Once on shore, I unscrewed the outboard and set it upon a boulder. With the Grumman tipped to one side, we were shielded from the wind and the dime-sized pellets that now pinged against the boat’s aluminum hull. Twenty minutes later, the hail abated. Soon, the winds slowed down. Not long afterward, the dog’s barks echoed off the spruce-studded hills while we celebrated the return of the sun by dancing around the square-stern canoe like a trio of ancient druids.
Mike Yates, the owner of the sporting lodge a short boat ride from our cabin, often jokes that I can afford to purchase a “real” boat—one with a cabin to provide shelter from storms and enough horsepower to zip up and down the 13-mile lake. Although I’m tempted, the Grumman has stood the test of time. Under blue skies and dark, whether over sun-streaked ripples or through storm-driven waves, it has gotten us there and back again.
Buck is long gone. Our daughter, now the creative director for a major advertising agency, resides in Texas—too far away for frequent trips to Maine. Nevertheless, come this May, not long after the ice has receded from the lake, Winslow Homer and Finnegan, the two Labs who currently share our home, will race out the cabin door, with Trish and I tramping behind them. Shaking off the pine needles from the Grumman’s hull, we’ll remove the cobwebs from its corners and carry the aluminum boat down to the edge of the lake. There, I’ll screw the outboard to its transom, and lay the oars and life preservers on one side, the fly rods along the other, making ready for our next adventure.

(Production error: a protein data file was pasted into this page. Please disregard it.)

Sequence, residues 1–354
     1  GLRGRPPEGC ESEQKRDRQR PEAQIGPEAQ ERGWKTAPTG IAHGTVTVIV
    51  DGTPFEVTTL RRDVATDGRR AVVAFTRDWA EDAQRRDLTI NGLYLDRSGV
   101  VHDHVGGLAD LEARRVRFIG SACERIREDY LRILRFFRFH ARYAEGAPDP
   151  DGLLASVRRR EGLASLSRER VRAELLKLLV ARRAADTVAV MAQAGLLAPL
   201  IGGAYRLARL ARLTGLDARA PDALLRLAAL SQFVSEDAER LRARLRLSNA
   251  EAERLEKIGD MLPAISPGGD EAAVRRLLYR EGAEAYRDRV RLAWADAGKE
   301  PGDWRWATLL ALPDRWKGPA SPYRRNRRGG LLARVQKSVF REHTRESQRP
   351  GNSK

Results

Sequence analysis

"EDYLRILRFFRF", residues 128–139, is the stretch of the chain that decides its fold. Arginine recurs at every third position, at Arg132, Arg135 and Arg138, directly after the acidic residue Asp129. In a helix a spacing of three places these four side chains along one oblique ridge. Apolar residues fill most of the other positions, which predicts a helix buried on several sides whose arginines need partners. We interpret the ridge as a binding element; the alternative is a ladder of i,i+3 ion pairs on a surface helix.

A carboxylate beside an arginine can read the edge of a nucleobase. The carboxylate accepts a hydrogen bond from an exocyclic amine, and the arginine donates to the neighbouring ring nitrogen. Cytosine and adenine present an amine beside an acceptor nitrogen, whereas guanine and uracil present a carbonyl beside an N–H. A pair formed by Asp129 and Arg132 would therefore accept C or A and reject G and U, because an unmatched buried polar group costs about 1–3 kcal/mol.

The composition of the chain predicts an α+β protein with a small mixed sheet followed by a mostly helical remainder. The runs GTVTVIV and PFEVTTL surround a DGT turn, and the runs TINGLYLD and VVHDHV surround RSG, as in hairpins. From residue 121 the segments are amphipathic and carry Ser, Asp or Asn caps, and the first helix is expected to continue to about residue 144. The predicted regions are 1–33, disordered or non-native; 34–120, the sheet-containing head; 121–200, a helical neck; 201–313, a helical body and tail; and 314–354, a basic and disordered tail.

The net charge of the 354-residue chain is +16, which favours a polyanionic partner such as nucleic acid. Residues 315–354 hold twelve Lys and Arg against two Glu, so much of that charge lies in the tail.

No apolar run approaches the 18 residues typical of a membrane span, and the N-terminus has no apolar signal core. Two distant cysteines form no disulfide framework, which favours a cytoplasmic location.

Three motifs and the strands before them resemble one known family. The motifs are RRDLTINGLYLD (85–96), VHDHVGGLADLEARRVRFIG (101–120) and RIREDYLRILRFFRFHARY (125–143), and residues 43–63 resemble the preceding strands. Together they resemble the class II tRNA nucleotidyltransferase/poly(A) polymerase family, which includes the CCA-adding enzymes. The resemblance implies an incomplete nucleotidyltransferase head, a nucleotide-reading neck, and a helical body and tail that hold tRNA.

Robert J. Romano Jr.’s most recent book, River Flowers, is a collection of short stories and fishing tales set in the North Woods of Maine, accompanied by watercolors painted by Emily Rose Romano. Email firstname.lastname@example.org for details about purchasing an autographed copy.